Her life began on the racially integrated streets of Lorain, Ohio in a home with parents who strongly encouraged her interest in reading and education. But it was quite a culture shock when she experienced institutionalized segregation as a Howard University student when off-campus in Washington, DC. Morrison subsequently held a series of teaching positions before landing a L.W. Singer editing role, which changed the trajectory of her life. Her work led her to become the first black woman senior fiction editor for Random House. Morrison’s instinctive influence helped bring black fiction authors into the mainstream while encouraging autobiographies by activists such as Angela Davis and Mohammed Ali. Meanwhile, she began writing her own work and published The Bluest Eye (1970), Sula (1973), Son of Solomon (1977), and Tar Baby(1981) with a focus on inspiring an African American audience. Broad acclaim did not arrive as quickly, and there was an outcry by dozens of black critics and writers after her 1987 epic novel, Beloved, failed to win major book awards. But many factors, including that protest and ongoing praise and engagement of Morrison’s work from such people as Oprah Winfrey, steered her to the universal praise she always deserved. TONI MORRISON: THE PIECES I AM offers an intimate portrait of an American icon whose early life was shaped here in Northeast Ohio. – Patrick Shepherd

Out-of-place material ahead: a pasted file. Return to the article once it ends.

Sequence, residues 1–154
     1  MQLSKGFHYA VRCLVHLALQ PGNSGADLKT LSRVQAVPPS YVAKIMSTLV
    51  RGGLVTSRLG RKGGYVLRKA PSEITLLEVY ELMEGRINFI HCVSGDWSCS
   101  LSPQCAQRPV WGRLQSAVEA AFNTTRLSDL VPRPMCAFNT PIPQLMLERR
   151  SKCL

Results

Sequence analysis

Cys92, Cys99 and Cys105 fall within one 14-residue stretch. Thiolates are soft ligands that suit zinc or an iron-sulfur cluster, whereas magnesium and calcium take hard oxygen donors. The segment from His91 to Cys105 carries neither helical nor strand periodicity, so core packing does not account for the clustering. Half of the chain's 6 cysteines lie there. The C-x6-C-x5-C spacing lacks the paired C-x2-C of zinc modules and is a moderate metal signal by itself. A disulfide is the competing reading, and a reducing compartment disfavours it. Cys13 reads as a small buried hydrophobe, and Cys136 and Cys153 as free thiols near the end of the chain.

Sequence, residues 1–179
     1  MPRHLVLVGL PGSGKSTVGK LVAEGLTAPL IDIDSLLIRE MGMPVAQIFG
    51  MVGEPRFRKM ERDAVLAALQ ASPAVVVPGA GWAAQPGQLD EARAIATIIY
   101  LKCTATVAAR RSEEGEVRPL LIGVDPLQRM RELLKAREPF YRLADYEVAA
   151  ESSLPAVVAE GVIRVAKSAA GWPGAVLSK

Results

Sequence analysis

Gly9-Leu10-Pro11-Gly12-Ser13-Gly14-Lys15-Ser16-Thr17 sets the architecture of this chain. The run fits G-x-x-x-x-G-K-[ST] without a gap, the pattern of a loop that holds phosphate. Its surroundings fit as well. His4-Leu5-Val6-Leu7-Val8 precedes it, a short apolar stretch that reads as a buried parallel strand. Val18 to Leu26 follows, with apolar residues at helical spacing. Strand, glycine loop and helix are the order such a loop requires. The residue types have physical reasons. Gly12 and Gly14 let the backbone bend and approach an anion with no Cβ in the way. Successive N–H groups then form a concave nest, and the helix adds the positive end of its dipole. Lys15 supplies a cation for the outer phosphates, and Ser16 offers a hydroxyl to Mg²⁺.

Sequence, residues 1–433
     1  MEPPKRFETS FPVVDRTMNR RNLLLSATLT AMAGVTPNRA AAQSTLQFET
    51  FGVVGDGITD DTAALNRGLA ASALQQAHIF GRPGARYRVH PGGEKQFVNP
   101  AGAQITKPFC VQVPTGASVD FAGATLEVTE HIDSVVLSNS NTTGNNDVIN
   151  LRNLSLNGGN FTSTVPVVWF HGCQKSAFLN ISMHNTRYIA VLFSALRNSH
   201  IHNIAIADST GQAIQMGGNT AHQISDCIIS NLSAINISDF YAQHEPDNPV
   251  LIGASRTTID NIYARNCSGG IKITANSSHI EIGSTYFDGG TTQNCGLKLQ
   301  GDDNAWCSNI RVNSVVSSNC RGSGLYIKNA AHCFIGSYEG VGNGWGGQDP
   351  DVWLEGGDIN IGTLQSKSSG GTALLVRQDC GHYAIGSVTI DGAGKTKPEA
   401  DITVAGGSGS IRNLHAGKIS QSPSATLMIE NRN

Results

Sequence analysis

‘I See You’ Premiere at CIFF

I See You will have its Cleveland premiere at the Cleveland International Film Festival (CIFF)!

The thriller filmed in Cleveland last summer, just one of many films and TV shows that used Northeast Ohio as their film set last year.

With a production of over 100 cast and crew members, 60 were local crew, 50 were local extras, and 16 local actors were cast in speaking roles! I See You also engaged with many Northeast Ohio businesses during their shoot, and booked 600 hotel room nights in local hotels.

Produced by Cleveland-based Matt Waldeck and his company Zodiac Features, I See You stars Academy Award Winning actress Helen Hunt (Twister), Jon Tenney (The Closer), and Judah Lewis (Demolition).  Adam Randall (iBoy) directed the film, and Devon Graye wrote the script.

I See You had its world premiere at the 2019 SXSW Film Festival, and will be playing at CIFF on Friday, March 29th at 8:15 pm at the Capitol Theater, and at Tower City Cinemas on Saturday, March 30th at 1:25 pm and Sunday March 31st at 4:10 pm.

All showings are now on stand-by!  This doesn’t mean it’s sold-out, this will require you to go to the theater 1 hour before the screening to get in the stand-by line. 

Use the Promo Code: GCFC to save $1.00 on your ticket